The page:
New Brunswick is a decent province for living off grid because the cost of living and property are not prohibitively expensive, and the local economy is quite strong. You can also cultivate your own food, and the local government provides many incentives for sustainable energy. On the other hand, the local temperature is definitely not ideal for off-grid living. However, if you come from the northern US or one of the northern provinces, you should be fine.
New Brunswick is in eastern Canada that was among the first to be settled by the French. It has two official languages, French and English, and schools and colleges provide instruction in both. Even if you don’t speak French, you’ll be OK because most of the population is multilingual. The population of New Brunswick is approximately 780k people, and it has begun to rise modestly in recent years.
From an off-grid living standpoint, this province can be a true paradise; in fact, in recent years, many individuals have moved to smaller towns and cities, particularly those coming from the capital of Ottawa. New Brunswick is a border province situated close to Maine, which benefits the local economy. 500 years before America was found, this province was among the first to be explored by Vikings.
Should You Live Off Grid in New Brunswick?
What’s the Climate in New Brunswick?
The climate in New Brunswick is humid continental, which means that summers are hot and winters are cold. The weather can be erratic and exceedingly humid because the sea is to the south and east of New Brunswick. The typical summer temperature is between 68F and 85F (20C and 30C). In contrast, the average winter temperature is below freezing and can drop as low as -22 °F (-30 °C) when the arctic winds blow.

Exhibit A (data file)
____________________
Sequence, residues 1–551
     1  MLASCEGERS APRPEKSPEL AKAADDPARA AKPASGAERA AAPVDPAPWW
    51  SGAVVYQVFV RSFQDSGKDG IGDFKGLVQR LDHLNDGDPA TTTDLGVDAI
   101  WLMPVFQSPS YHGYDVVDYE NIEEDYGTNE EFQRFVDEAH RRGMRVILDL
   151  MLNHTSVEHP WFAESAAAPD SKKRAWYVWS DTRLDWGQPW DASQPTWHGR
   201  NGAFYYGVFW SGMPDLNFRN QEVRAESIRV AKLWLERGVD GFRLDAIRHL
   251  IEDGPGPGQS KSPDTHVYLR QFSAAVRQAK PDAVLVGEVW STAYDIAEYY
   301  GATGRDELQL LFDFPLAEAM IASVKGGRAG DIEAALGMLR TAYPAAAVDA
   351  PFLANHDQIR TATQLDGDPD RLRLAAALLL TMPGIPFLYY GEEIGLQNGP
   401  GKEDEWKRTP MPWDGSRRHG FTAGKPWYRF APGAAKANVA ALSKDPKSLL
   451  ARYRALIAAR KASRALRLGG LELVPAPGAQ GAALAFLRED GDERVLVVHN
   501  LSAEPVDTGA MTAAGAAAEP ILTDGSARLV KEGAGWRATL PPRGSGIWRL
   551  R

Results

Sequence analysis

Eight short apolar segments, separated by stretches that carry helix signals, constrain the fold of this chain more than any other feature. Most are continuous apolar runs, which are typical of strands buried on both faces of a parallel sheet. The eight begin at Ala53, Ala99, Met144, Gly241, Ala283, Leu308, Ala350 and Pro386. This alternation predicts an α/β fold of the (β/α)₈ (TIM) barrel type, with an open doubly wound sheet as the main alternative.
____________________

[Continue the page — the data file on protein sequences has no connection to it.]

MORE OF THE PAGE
Interested in a similar province for off grid living? I recommend checking out my Complete Guide to Living Off Grid in Nova Scotia.
What Type of Crops Can You Grow in New Brunswick?
Corn for grain, canola, cranberries, blueberries, hay, and potatoes are the most regularly cultivated crops in New Brunswick. The local temperature isn’t ideal for crop cultivation. Therefore if you want to cultivate your own food in this region, you’ll need to build a greenhouse. The most fertile fields are generally found in this province’s southwestern parts.
What’s Freshwater Availability Like in New Brunswick?
This province has an abundance of freshwater due to its humid continental climate. The average yearly rainfall is the greatest in the country, at roughly 46 inches. The average yearly snowfall is also significant, at around 150′′ (3800 mm), albeit most of the snowfall falls in the province’s northern sections.
What Type of Wildlife is Found in New Brunswick?
Seals, moose, deer, whales, black bears, foxes, coyotes, and bobcats are among the most prevalent animals in New Brunswick. American shad, brook trout, burbot, lake whitefish, muskellunge, white perch, Atlantic sturgeon, blueback herring, Atlantic cod, and white hake are the most common fish found in this province.
Make sure you check local regulations and permits before you hunt or fish in your area.
How do you Generate Off Grid Power in New Brunswick?